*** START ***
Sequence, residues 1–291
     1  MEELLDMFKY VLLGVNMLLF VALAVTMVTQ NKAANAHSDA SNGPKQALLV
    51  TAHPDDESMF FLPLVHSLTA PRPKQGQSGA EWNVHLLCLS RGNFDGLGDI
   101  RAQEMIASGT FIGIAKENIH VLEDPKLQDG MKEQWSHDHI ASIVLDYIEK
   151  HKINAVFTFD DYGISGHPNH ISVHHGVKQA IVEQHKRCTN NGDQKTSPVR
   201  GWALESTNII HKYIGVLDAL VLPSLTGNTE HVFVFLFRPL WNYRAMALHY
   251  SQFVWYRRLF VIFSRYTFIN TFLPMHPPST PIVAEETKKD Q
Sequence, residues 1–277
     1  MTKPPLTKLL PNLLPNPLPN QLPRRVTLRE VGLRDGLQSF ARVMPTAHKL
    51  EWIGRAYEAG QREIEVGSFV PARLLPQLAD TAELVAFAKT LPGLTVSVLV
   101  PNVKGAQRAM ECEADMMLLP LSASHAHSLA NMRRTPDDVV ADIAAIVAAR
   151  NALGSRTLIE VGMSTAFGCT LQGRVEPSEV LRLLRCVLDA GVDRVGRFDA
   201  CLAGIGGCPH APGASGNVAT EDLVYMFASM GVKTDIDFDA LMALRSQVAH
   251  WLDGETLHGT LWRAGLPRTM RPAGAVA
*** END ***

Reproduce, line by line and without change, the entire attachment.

Sequence, residues 1–291
     1  MEELLDMFKY VLLGVNMLLF VALAVTMVTQ NKAANAHSDA SNGPKQALLV
    51  TAHPDDESMF FLPLVHSLTA PRPKQGQSGA EWNVHLLCLS RGNFDGLGDI
   101  RAQEMIASGT FIGIAKENIH VLEDPKLQDG MKEQWSHDHI ASIVLDYIEK
   151  HKINAVFTFD DYGISGHPNH ISVHHGVKQA IVEQHKRCTN NGDQKTSPVR
   201  GWALESTNII HKYIGVLDAL VLPSLTGNTE HVFVFLFRPL WNYRAMALHY
   251  SQFVWYRRLF VIFSRYTFIN TFLPMHPPST PIVAEETKKD Q
Sequence, residues 1–277
     1  MTKPPLTKLL PNLLPNPLPN QLPRRVTLRE VGLRDGLQSF ARVMPTAHKL
    51  EWIGRAYEAG QREIEVGSFV PARLLPQLAD TAELVAFAKT LPGLTVSVLV
   101  PNVKGAQRAM ECEADMMLLP LSASHAHSLA NMRRTPDDVV ADIAAIVAAR
   151  NALGSRTLIE VGMSTAFGCT LQGRVEPSEV LRLLRCVLDA GVDRVGRFDA
   201  CLAGIGGCPH APGASGNVAT EDLVYMFASM GVKTDIDFDA LMALRSQVAH
   251  WLDGETLHGT LWRAGLPRTM RPAGAVA